Cécile Vogt-Mugnier (1875 – 1962) was a French neuropathologist.
A pioneering woman in medicine and especially in brain research, Vogt-Mugnier contributed substantially to the elucidation of the cellular structure of the brain; clinical and comparative neuroanatomy and its functional interpretation; Reizphysiologie (stimulus physiology); and genetic research based on evolutionary biology.
Cécile Vogt collaborated scientifically with her husband Oskar (1870-1959) from 1899 to 1959. The two played a key role in localising brain research with studies on brain cytoarchitectonic combined with electrical stimulation led to a major progress on functional anatomy of the brain. They established the world’s largest interdisciplinary brain research institute in the 1930s (Kaiser Wilhelm Institute für Hirnfirschung), the forerunner of the Institute for Brain Research of the German Max Planck Society.
The Max Delbrück Center for Molecular Medicine has established the Cécile Vogt Programme designed to ‘promote the scientific careers of women and enhance the number of successful female candidates in high-ranking positions’.
In the 1920s, she asserted publicly that nothing in her research supported a difference between the brains of men and women. But despite an illustrious research career, her contribution to neurology is all too often overlooked and overshadowed by that of her husband.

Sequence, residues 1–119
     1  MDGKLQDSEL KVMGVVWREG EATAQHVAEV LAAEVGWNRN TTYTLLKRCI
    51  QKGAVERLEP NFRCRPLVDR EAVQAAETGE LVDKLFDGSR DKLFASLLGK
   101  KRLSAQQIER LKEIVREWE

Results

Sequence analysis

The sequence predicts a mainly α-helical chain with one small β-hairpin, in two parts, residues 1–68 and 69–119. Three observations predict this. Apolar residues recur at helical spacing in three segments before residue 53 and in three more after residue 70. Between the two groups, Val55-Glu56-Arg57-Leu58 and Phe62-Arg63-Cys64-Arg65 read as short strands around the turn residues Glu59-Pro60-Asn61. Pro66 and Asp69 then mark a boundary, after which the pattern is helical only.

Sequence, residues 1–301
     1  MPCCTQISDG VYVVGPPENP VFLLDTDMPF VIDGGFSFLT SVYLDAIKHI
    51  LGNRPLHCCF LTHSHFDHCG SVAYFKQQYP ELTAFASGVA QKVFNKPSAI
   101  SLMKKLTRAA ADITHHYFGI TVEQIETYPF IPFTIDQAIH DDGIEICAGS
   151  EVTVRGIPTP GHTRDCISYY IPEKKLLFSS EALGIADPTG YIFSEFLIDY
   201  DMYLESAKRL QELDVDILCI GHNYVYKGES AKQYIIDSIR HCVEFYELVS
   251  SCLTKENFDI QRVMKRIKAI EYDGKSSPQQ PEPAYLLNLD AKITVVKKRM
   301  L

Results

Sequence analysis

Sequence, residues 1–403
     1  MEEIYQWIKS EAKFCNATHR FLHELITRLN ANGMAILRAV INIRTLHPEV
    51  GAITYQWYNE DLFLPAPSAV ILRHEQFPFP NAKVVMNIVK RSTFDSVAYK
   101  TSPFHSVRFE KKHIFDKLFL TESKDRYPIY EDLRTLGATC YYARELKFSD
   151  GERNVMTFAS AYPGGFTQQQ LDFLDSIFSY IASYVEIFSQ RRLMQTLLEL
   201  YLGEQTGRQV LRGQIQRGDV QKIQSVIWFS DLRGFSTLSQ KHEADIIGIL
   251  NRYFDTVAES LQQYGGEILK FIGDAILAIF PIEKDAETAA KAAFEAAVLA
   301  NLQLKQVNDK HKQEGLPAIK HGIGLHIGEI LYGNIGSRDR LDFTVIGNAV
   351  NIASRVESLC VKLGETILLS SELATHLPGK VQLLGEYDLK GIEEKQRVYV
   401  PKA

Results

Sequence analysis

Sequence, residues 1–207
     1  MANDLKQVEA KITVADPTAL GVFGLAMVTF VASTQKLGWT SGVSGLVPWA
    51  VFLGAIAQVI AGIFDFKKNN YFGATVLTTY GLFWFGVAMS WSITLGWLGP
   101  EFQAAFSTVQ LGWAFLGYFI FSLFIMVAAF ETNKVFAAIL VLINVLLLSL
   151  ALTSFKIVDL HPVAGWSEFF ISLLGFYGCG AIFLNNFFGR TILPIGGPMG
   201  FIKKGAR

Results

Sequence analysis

- Born Augustine Marie Cécile Mugnier on March 27, 1875 in Annecy (Haut Savoie), France
- 1898 – Birth of first daughter Claire
- 1899 – Married Oskar Vogt (1870–1959) who was a German neurologist five years her senior, Oskarhad built up a successful practice as a psychotherapist and had developed a keen interest in the neuroanatomical basis of psychological phenomena. Oskar adopted Claire and the couple had two girls of their own; Marthe Vogt (1903–2003), physician and neuropharmacologist internationally recognized expert; and Marguerite Vogt (1913–2007), geneticist and a doctor of medicine
- 1900 – Medical doctorate. She was working under Pierre Marie at the Bicetre Hospital. She also completed a dissertation in neuroanatomy – Thèse: Etude sur la myélinisation des hémisphères cérébraux
- 1919-1937 – Abteilungsleiter (department head) at the Kaiser Wilhelm Institute für Hirnfirschung. This was to be Cécile’s only paid position throughout her 60 year career. For most of her life, however, she worked without compensation, and lived on her husband’s earnings. Cécile’s work was integral to that of Oskar, and of the institute as a whole. With a team of female technicians, Cécile began the pain staking process of tracing fibre connections in the brain, archiving thousands of brain slices that would form the basis of the largest collection of human and animal brain slices in the world (now housed in the Cécile and Oskar Institute of Brain Research in Dusseldorf, Germany). In 1937 Oskar was forced by the Nazis to resign from his post of Director of the Institute, where they then moved to Neustadt. Cécile and Oskar continued with their research throughout World War II and, even though they themselves were Nazi targets, they gave shelter and employment to others fleeing persecution. The Vogts remained in Neustadt even after the war ended.